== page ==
Czech Torah

Czech Torah

Czech TorahTemple Israel has the great honor of being the home of the Sefer Torah number MST#634, which is on permanent loan to us from the Memorial Scrolls Trust located in London. Our Torah came from the small town of Zamberk, a town in Bohemia, west of Prague in the Czech Republic, where Jews lived from at least the 17th century. The early 18th-century cemetery there served the town as well as a vast area.

Three other Zamberk Torah survived the Shoah, cared for by communities in New York, New Jersey and Texas. At Temple Israel, the scroll has been used at B’nai Mitzvot and during services for Yom Hashoah.

In 1938, the Munich Agreement was signed to appease Hitler, resulting in Germany absorbing the Sudetenland, and Slovakia becoming a separate state. All that was left of Czechoslovakia was Bohemia and Moravia which became a German Protectorate. After the invasion of 1939, synagogues were closed, laws were regularly passed dehumanizing Jews and non-Czech Jews were deported. Theresienstadt (Terezin) was created in 1941 as a ghetto / transit camp from where Jews were sent to Auschwitz and other death camps. 84,000 Jews were deported and over 78,000 were murdered.

The Jewish Museum in Prague wrote a letter to all Jewish communities in the Protectorate in 1942 instructing them to send all their possessions to Prague. Over 200,000 items came to the museum including 1800 Torah scrolls, books, mantles, silver, etc. They were stored carefully in 14 central buildings.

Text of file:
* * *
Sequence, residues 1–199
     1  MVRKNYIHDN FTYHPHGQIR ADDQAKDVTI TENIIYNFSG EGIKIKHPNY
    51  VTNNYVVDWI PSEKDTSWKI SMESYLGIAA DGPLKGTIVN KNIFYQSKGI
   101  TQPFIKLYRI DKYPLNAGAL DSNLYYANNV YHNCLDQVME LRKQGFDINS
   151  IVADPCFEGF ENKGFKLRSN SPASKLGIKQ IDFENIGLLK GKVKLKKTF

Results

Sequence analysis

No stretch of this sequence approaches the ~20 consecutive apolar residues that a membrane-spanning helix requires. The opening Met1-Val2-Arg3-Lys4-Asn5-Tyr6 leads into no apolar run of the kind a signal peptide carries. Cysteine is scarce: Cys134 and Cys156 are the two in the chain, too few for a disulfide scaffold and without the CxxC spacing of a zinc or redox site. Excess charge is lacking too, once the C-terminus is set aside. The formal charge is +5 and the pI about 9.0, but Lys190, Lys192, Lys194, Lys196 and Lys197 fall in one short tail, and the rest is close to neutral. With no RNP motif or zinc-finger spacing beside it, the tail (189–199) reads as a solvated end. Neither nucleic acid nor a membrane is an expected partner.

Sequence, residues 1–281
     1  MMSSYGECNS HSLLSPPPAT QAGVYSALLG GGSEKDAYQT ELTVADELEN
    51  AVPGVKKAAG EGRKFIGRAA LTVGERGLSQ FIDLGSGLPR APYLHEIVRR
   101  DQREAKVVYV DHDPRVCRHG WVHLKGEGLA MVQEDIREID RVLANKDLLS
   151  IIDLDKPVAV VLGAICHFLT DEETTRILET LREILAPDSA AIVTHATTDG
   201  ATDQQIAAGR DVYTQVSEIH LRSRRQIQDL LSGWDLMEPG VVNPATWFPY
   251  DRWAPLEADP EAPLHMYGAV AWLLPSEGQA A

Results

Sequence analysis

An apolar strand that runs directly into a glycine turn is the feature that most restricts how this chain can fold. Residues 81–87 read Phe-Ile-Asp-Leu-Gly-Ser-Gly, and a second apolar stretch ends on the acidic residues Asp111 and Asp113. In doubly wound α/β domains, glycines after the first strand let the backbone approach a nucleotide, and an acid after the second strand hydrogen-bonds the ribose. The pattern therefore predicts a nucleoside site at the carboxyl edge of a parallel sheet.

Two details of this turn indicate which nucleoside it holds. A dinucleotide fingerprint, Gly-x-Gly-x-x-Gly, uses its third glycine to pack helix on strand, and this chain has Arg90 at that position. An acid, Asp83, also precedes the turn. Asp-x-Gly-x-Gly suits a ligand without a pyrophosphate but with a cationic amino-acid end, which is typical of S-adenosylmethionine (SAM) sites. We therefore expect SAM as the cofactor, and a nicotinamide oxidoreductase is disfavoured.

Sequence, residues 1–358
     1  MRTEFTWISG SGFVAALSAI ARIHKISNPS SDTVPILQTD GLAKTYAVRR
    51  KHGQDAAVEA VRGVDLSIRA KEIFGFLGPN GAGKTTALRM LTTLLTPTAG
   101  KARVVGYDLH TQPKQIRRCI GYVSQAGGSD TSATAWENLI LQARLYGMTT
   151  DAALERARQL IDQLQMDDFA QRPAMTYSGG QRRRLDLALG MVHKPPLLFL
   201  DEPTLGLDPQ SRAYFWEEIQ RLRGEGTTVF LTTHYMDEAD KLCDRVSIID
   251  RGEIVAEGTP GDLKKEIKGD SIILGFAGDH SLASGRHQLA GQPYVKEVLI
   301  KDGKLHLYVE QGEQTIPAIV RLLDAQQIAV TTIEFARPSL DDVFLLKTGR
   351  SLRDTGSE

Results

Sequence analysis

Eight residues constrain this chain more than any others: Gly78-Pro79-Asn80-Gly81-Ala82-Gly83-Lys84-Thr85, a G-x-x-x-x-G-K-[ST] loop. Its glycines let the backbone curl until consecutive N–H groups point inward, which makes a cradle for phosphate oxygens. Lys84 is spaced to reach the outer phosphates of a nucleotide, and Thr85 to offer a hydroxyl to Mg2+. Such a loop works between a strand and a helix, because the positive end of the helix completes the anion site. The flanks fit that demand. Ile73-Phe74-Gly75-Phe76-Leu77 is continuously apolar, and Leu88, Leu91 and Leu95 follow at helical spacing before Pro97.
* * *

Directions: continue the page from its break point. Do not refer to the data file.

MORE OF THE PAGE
In 1945, there were only 14,000 Jews in the Protectorate of which 100 were children. Although a number of communities were re-established, many Jews emigrated to Israel, the United States and other countries. Following the Communist coup in 1948, synagogues were again closed and Jewish life stifled. The Torah scrolls were moved to an old dam warehouse on the outskirts of Prague, the former Michle Synagogue where their condition slowly deteriorated.

The Czech government in 1963 was looking for foreign exchange and asked an American art dealer based in London, Eric Estorick whom they worked with, whether he would buy the scrolls. Estorick contacted a client Ralph Yablon, a philanthropist and founder member of the Westminster Synagogue, who agreed to purchase the 1,564 available scrolls and they were brought to the Westminster Synagogue in London, arriving on February 7th, 1964.

Only a few of the scrolls were in a usable condition, i.e. Kosher. Some could eventually be restored and many would be used as Memorials, silent witnesses of the Shoah. A few months after the scrolls arrived, a traveling Sofer (scribe,) David Brand from Israel, approached the Israeli Embassy seeking a synagogue needing a scroll to be repaired. He was amazed to find over 1,500 scrolls at the Westminster Synagogue when he asked if they had one! Sofer Brand continued working on the scrolls for nearly 30 years.

The Westminster Synagogue set up the non-profit charity The Memorial Scrolls Trust to care for the scrolls that have been allocated to communities and organizations around the world, from Alaska to New Zealand, with over 1,000 in the USA. The Memorial Scrolls Trust museum was created at Kent House, Knightsbridge, London where over 100 scrolls are displayed with over 400 binders and wimpels, one of the largest collections of its type in the world.

Czech Torah